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Grassroots vs. Telecommunication Giants: 1st District Campaign Funds

by Heather Momyer
Oct 31, 2012

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Peloquin raised more in individual campaign contributions, but Rush has substantially more PAC contributions.

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Most of Rush's itemized individual contributions come from Illinois.

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Peloquin received about $10,000 less than Rush in individual itemized contributions from Illinois, but his total of individual contributions exceeds Rush's total.


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The majority of contributions to Bobby Rush come from out-of-state.


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Besides itemized individual contributions and PAC contributions, Peloquin's campaign also received unitemized individual contributions. Those numbers are not included here.

If Don Peloquin, the Mayor of Blue Island, were to win the 1st Congressional District’s representative election, he would be “the first person to win the election with under $200,000 and without television ads,” the candidate said in a recent interview.


While he may not be exactly the first person to win on a campaign budget of under $200,000 and he certainly isn’t the first to win without a television ad – campaigns were around long before TV --  his point is taken. The kind of campaign financed on what is now considered a small budget generally doesn’t win elections.


But if he wins, “that is the American way at work,” Peloquin said.


Peloquin is running as the Republican opposition against longtime incumbent U.S. Rep. Bobby Rush (D-Chicago). His campaign is a grass-roots effort consisting almost exclusively of local individual contributions, many from the suburban areas in Cook and Will counties.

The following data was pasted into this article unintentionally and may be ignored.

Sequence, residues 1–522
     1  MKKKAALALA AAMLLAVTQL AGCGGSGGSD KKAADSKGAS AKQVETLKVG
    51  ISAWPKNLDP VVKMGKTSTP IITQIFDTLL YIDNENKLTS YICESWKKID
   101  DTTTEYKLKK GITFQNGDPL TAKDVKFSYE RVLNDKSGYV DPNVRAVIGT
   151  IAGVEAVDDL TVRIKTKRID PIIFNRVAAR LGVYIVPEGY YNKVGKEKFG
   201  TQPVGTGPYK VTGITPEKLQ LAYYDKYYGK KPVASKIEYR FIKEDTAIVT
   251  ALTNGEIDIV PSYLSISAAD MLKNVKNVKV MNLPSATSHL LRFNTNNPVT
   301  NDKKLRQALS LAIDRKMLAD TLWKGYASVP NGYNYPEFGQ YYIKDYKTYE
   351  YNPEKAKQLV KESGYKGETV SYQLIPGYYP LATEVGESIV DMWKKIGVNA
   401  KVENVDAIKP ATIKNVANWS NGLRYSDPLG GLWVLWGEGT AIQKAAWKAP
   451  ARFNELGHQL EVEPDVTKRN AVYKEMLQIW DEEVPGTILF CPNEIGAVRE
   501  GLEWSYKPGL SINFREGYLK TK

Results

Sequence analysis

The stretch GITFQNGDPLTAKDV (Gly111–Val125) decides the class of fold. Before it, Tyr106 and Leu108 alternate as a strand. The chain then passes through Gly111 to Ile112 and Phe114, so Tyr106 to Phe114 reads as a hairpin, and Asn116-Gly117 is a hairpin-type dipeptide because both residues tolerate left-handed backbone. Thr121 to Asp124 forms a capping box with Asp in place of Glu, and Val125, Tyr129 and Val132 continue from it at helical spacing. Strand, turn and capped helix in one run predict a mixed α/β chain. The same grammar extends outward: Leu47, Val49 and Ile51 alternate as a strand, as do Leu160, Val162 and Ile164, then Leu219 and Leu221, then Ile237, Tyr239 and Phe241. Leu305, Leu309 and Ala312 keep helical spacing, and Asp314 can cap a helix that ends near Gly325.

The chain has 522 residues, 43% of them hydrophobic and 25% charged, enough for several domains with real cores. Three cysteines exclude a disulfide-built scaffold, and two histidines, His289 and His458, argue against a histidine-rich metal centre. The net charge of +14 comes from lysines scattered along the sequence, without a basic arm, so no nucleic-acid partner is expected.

By contrast, Rush’s campaign budget dwarfs the Peloquin campaign. According to the Federal Election Commission,  contributions to the Rush campaign total $464,740 while the Peloquin campaign has received $87,361.


In terms of individual contributions, both Rush and Peloquin are near similar levels, according to FEC data. Campaigns must  report to the FEC the names of individuals who donate more than $200 to a campaign; individual donations below $200, known as “unitemized individual donations,” don’t need to identify the donors’ names. 


On an individual level, Peloquin pulls in more funding than Rush, and most of his money comes from Illinois.


Peloquin received $80,823 in itemized and unitemized individual contributions, while Rush has received only $72,709 in the same kind of contributions.


However, almost half of the total donations to the Rush campaign come from the District of Columbia, Maryland and Virginia region. None of Peloquin’s donations come from that region.


But local and individual contributions may not be enough.


“There’s no way to defeat an incumbent with that kind of funding,” said Dick Simpson, professor of political science at UIC and former alderman of the 44th Ward.


“You’d need at least $500,000 to a million,” Simpson said. “At a minimum.”


A substantial amount  of the Rush campaign finances come from donations from political action committees that represent communications companies, including Verizon Communications, Inc., Comcast Corp., T-Mobile, Time Warner Inc. and the National Association of Broadcasters.


Rush serves on the Communications and Technology Subcommittee of the Energy and Commerce Committee that deals with all telecommunications and information transmission.


The donors are “not buying votes,” UIC’s Simpson said, “but they are buying a chance to talk.”

Rush is important as a senior member of Congress, Simpson said, and his vote is important to lobbyists.


“When someone gives you $10,000, you agree to meet,” Simpson said.